Start the conversation
The S&P 500 recently hit a new high as it drove through the 2000 mark for the first time in history on the day that Burger King Worldwide Inc. (NYSE: BKW) announced that it would purchase iconic Canadian fast food chain Tim Hortons Inc. (NYSE: THI).
Thus far in 2014 there have been $2.3 trillion of announced mergers & acquisitions (M&A) transactions around the world - $1.16 trillion in the United States alone - and undoubtedly there are more on the horizon.
Indeed, M&A activity is a major catalyst for the booming stock market and is good for investors.
Unless it's really a sign of a dying bull... If that's the case, we're in some big trouble.
Here's what's got me concerned, and why we need to exercise caution right now...
Robust M&A Activity Is Misleading
Part of the rationale driving the Burger King deal and many others in 2014 was the potential opportunity for Burger King to move its corporate headquarters to Canada, which has a lower corporate tax rate than the United States, where Burger King is headquartered.
Burger King actually pays taxes in the mid-20% range and does not expect its overall tax rate to increase after the transaction, but the fact that it is moving its domicile to Canada suggests that taxes were a consideration in driving the transaction.
But regardless of the specific reason for this merger, M&A activity, in general, is booming.
There have been $200 billion of telecom deals and more than $100 billion pharmaceutical industry deals (the latter of which has been particularly prone to tax inversion plays).
In the technology sector, M&A deals are running at their hottest pace since 2000 with $174.4 billion of deals so far this year. Notable deals include Facebook Inc.'s (NYSE: FB) acquisitions of texting company WhatsApp for $19 billion and virtual reality company Oculus VR, and Amazon.com Inc's (Nasdaq: AMZN) $970 million acquisition of Twitch, the leading gaming platform.
Perhaps even more notable were the deals that were attempted but not brought to fruition like Twenty-First Century Fox Inc.'s (NYSE: FOX) failed attempt to buy Time-Warner Inc. (NYSE: TWX) which would have added considerably to the annual deal tally.
With the exception of those companies engaging in tax inversion deals, which still constitute a minority of transactions, today's mergers are being driven by strategic buyers rather than by private equity firms and other firms driven primarily by financial motives.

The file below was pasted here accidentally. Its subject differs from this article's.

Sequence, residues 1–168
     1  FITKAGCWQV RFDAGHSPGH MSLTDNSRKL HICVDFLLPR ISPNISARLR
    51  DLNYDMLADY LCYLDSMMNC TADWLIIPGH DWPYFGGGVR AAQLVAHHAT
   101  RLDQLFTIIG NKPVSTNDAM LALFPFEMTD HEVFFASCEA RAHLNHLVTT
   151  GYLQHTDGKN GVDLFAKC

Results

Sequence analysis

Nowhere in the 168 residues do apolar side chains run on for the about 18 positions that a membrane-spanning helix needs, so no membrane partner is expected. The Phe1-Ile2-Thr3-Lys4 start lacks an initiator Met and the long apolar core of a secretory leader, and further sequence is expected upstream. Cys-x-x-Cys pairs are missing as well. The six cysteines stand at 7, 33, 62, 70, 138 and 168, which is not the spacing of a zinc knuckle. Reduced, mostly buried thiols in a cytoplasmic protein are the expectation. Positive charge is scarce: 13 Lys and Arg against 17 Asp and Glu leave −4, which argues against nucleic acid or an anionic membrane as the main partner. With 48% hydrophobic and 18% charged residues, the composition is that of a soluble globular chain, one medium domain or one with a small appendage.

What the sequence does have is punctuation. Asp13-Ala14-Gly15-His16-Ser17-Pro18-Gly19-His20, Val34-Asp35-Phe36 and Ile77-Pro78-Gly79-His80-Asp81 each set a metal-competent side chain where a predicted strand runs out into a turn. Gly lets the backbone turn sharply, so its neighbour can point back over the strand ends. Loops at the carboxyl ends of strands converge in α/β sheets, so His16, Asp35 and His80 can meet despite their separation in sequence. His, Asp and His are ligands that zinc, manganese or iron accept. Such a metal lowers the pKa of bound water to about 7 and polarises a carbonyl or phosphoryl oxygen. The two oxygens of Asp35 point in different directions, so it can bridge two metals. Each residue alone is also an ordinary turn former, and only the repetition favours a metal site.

For the most part, the buyers are large, blue-chip companies.
There have been a limited number of leveraged buyouts in 2014, particularly very few large leveraged buyouts. This is primarily because the large buyouts of the mid-2000s have fared poorly and private equity firms have shifted their focus to asset management activities and to nursing their troubled deals from a decade ago back to health.
M&A activity has been supported by healthy equity and debt markets. Robust stock prices have enabled companies like Facebook to use their stocks as currencies, as it did in the acquisition of WhatsApp. Blue chip companies have had no trouble borrowing billions of dollars at very low interest rates to finance their deals as well. M&A deals help move stock prices higher and line the pockets of bankers and lawyers. They are also believed to be an expression of confidence in the future on the part of corporate executives.
The M&A Boom Has a Dark Side
There is a darker side to M&A however, and its consequences can spell the end of the bull run.
For many companies, M&A is something they do when they run out of ways to grow internally.
Furthermore, many M&A transactions fail to generate the promised synergies and growth. Instead, they generate massive layoffs and write-offs. Those transactions that involve the incurrence of large amounts of debt force companies to devote more capital to servicing that debt than to growing their businesses, creating new products, and hiring new workers.
Many companies today are looking at merging in order to respond to competitive threats and other challenges or deficiencies in their own businesses that they can't solve on their own.
In trying to answer whether M&A is a positive thing for a company, these factors have to be entered into the equation. M&A generally doesn't lead the market or lag the market; it occurs when the market is strong and slows down when market conditions become difficult.
Today's M&A boom is very likely coming at the tail end of an epic bull market.
About the Author
Prominent money manager. Has built top-ranked credit and hedge funds, managed billions for institutional and high-net-worth clients. 29-year career.